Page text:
They say the average man has 3 career changes in his lifetime...
... so here's a chapter of my life that was a career I hated. Not because of the work, but because of the plebs that worked in the industry.
I left college wanting to get into embedded programming and designing of electronics. I got a proper job, designing a vending machine for hot food. The machine was a huge success, but to be honest it's success was it's downfall. Even to this day it is a rare beast to behold, but I still consider it one of the greatest innovations of modern times; a machine that gives you burger and chips in ninety seconds.
Anyway, I got the chance to go and work in a large fruit machine manufacturer called Barcrest in the outskirts of Manchester. They paid for me and the family to relocate, and it seemed like a good idea at the time. I started off there as a lowly programmer, mostly with delightful tasks like writing what is termed the "Zero Credit Attract." That hypnotic flashing of lights that slowly but surely does your head in when you are sat in a pub.
I got my first proper task after about 3 months of this. I was asked to work on a machine called "Viva Las Vegas" and the machine was very successful. My appraisal time was shortly after this was done, and I made a point that I would like to do a complete machine. I started to work on a huge Spanish seller called "Escalera Tobogan" (Ladders and slides, like snakes and ladders) and then got to convert Viva Las Vegas into a Spanish market.
All very boring.
I lightened up my time by getting involved with the sound of the machines. There was a nice guy in Barcrest called Paul Williams, and his studio was right smack bang in the middle of the development area so you could not fail to hear the machine sounds he was working on. He showed me how the sounds were made, using lots of very expensive keyboards etc and then burned onto sound chips ready to go into machines. I left the company a few months later. Not because of the workload, or stress, but because whoever says northerners are friendly people never met any of the staff in this place. Racism is alive and well, and working for a fruit machine developer's in Manchester. It makes me sound so ignorant saying that, but even long term staff from the south got grief and it wasn't just friendly banter. It was sometimes downright offensive. Still it was their loss.
I ended up heading south to a new operation of an old company, that had moved to Telford (that concrete council estate on the edge of the Midlands) called Ace Coin Equipment. Ace had just been taken over by JPM who in turn now bowed to the Gods of Japan called Sega. This meant many trips were taken to JPM's head office just outside Birmingham International Airport to see what they have been doing. At the time Ace had no sound studio at all, and they were getting JPM's sound guy to make all the sampled sounds for them. A lesser known fact about Ace was that they had the license for TV Soap Emmerdale. In one of the sound chips can be heard the Brummie accent of JPM sound guy saying "Where's me fookin' sausage?" but this can only be found by putting the sound chips into another Ace machine of the same era. I enjoyed working with the sounds, so I took the newly acquired equipment, and in my spare time set up the sound studio. The sound technology wasn't very advanced, and only really allowed 30 seconds of sounds to be stored. I undertook the task of extending this. I managed to squeeze 160 seconds of sound into the same technology. This meant that now nudges for example had different music for each number of nudges. This was infinitessimily better then the same sounds that people were hearing day in day out.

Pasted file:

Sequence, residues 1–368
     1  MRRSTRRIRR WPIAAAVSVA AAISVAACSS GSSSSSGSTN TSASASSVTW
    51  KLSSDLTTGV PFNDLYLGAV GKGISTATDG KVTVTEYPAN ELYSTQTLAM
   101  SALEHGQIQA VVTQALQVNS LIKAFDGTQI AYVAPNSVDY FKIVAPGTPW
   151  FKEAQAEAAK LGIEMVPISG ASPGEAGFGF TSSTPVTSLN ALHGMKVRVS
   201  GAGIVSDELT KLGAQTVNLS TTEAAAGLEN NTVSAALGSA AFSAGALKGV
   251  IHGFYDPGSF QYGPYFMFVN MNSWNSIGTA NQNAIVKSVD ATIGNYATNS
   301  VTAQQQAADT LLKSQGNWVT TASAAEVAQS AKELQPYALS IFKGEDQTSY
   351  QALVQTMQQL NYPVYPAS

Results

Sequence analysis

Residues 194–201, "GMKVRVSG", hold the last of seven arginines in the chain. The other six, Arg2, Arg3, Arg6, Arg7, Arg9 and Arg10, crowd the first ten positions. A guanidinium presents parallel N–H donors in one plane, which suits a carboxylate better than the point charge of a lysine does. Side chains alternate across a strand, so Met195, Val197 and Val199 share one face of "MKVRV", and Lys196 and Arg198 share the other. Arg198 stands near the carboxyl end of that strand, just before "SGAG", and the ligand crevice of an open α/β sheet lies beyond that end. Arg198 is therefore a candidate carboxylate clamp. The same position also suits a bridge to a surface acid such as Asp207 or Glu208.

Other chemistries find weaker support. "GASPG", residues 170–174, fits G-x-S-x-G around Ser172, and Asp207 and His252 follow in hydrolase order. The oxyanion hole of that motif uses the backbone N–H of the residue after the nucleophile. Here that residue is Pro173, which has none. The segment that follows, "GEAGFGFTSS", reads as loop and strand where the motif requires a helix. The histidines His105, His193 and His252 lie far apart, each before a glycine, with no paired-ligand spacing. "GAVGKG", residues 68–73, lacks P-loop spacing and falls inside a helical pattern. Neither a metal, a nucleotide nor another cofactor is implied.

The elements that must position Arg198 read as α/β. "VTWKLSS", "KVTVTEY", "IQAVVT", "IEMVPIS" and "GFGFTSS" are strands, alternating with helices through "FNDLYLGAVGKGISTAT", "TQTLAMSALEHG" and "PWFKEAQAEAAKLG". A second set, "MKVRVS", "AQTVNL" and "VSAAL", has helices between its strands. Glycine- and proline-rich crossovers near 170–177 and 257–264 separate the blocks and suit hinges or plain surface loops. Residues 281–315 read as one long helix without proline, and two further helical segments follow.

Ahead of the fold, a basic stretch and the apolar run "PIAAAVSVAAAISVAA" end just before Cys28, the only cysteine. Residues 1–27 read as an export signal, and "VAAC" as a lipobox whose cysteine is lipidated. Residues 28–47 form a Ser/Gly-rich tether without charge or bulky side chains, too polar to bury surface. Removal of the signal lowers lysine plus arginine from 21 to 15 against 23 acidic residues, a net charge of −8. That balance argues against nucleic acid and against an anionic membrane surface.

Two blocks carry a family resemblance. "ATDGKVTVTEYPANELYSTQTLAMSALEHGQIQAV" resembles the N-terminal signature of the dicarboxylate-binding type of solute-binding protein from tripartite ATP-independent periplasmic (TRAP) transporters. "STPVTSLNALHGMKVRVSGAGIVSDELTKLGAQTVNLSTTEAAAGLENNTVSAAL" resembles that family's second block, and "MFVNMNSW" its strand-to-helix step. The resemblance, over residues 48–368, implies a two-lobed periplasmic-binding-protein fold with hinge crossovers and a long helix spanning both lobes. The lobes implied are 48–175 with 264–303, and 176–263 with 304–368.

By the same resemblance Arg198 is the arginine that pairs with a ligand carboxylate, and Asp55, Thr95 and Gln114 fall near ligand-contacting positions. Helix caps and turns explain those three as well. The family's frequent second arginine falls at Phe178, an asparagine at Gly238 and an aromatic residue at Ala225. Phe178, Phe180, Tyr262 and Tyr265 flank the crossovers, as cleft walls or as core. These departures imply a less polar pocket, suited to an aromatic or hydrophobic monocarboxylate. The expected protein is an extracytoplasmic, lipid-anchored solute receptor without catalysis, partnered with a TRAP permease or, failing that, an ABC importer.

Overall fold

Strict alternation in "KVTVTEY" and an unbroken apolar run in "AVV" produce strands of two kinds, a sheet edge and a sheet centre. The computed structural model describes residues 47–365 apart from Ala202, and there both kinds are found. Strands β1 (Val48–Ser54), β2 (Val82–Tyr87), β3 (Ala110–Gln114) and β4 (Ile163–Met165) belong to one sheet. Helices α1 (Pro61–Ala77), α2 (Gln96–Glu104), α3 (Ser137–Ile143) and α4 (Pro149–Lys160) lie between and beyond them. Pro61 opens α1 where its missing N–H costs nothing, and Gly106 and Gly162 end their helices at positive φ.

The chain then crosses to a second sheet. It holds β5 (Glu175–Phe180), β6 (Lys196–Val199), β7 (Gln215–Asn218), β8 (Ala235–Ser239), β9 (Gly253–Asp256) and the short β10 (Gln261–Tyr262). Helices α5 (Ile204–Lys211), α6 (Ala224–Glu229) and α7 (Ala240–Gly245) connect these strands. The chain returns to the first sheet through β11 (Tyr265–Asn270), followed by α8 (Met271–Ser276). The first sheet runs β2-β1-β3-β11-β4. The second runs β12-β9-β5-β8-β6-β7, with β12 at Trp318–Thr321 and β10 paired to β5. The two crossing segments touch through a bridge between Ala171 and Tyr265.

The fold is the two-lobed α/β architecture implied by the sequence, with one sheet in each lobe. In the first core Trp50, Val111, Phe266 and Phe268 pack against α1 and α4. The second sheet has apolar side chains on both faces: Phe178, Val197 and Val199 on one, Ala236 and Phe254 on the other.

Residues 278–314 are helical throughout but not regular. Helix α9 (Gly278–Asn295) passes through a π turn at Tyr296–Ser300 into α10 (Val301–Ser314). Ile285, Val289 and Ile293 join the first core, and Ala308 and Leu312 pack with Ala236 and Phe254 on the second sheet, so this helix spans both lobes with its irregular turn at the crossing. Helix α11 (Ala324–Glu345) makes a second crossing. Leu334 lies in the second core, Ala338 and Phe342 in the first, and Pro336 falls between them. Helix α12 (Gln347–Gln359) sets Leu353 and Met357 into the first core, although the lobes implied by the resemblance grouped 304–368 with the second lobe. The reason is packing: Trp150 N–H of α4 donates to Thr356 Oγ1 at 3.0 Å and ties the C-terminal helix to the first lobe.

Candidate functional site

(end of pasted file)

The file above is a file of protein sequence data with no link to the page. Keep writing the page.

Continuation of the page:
I left Ace just before they were closed down, and moved to my present location in the back of beyond. A few former Ace bosses had set up a company making fruits from old machines, refurbishing them, giving them new software and looks, and selling them at a reduced price. Once again, I set about with the sound of the machines. The problem was I was finding the industry really had become an old boy network. When I started in the industry it was very common to develop a machine that sold 1000 units or so. This wasn't classed as a success, it was normal. Escalera Tobogan seems to still hold the record worldwide today. 20,000 units were sold. The problem is a success and all the bosses stand around patting themselves on the back, and a failure is all your fault. So as the market became saturated about 1996, numbers dropped. Nowadays to sell 500 machines is classed as extremely successful. I don't want to be in that industry anymore.
I quote my old boss at Ace... "You will never go too far in the industry. You are too nice."
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